I read this book in high-school and learned about as much as I did in 4 undergrad physics courses about quantum mechanics.
There's no mathematics in this book, so it doesn't teach you how to calculate anything (for this, a physics degree helps), but the principles are presented very nicely.
The short answer is, they don't. They emit the photon in a random direction.
Fine, you say, but what about refraction and reflection, there the photons are emitted in another direction. What makes the atom "decide" what direction to emit a photon after it's absorbed?
They don't decide anything, they still just emit in a random direction. The mind fuck is that on the whole, statistically, almost all photons except for those travelling in the direction of refraction/reflection destructively interfere!
Out of all his writings, this is the one that has always stuck with me.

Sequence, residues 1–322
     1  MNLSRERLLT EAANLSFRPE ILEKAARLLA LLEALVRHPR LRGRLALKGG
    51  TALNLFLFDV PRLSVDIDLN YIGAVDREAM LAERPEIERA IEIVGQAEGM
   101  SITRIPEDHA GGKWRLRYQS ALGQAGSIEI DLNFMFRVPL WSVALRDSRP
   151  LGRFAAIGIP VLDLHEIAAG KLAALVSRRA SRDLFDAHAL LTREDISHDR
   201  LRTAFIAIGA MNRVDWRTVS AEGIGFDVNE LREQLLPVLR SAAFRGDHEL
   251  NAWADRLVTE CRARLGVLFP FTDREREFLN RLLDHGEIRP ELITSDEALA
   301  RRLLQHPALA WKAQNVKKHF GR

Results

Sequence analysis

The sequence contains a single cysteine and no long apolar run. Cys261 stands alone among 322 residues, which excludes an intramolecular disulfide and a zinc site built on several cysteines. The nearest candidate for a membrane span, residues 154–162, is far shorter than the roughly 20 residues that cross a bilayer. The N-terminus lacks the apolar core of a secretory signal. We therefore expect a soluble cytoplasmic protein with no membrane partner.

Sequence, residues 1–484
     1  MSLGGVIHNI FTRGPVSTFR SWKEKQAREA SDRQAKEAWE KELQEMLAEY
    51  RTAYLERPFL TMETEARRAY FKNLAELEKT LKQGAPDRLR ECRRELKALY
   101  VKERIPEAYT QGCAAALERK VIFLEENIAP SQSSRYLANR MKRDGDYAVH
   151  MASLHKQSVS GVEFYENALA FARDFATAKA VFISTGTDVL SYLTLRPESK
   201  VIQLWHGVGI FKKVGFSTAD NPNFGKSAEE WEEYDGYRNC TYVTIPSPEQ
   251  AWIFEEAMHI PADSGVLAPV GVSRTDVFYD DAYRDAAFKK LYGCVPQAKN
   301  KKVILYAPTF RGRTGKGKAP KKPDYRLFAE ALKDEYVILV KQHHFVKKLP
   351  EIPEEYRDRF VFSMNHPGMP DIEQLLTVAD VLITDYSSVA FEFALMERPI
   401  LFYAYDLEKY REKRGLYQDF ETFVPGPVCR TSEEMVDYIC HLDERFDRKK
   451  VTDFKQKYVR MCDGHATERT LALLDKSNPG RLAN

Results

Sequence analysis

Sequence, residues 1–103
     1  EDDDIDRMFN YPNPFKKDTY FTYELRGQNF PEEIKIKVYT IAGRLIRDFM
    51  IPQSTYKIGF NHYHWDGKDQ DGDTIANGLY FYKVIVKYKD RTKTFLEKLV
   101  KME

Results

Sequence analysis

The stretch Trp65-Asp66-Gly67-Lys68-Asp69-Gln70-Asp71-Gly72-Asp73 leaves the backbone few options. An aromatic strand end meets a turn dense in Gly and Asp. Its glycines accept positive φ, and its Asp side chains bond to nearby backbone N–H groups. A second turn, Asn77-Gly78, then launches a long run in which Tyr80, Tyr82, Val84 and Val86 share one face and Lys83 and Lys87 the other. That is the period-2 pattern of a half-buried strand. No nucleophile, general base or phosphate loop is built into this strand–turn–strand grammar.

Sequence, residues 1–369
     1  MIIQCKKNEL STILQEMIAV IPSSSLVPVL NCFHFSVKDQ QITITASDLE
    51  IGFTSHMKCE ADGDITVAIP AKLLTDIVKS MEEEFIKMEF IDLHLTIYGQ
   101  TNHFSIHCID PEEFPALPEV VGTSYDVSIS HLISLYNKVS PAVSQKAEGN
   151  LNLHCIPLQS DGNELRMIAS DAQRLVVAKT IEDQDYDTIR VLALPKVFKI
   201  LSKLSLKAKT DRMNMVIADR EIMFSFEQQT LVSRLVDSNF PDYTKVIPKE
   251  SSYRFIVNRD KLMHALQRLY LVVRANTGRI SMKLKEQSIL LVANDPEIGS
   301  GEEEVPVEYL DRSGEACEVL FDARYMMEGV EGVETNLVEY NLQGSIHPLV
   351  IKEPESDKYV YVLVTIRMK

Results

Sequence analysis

Feynman long held that one does not understand something if one cannot explain it to someone who is not deeply steeped in the subject already. I regard this lecture as probably the culmination of that philosophy for Feynman. Anybody with a deep mathematical background will be stunned on reading this book to realize that, oh, he was actually just talking about complex numbers and the path integral formulation all along.
Taken from one of those reviews, I don't need to say much more than this: "He does close to the impossible by explaining the rudimentary ideas of Quantum Electro Dynamics (QED) in a manner that is reasonably accessible to those with some physics background"
It's very complicated stuff but not "very, very complicated" stuff, you can read Feynman's QED book (http://www.amazon.com/QED-Strange-Theory-Light-Matter/dp/069..., <$9 used with shipping) and obtain a pretty good working knowledge of things.
If you don't really understand what this article is talking about, Feynman can help you.
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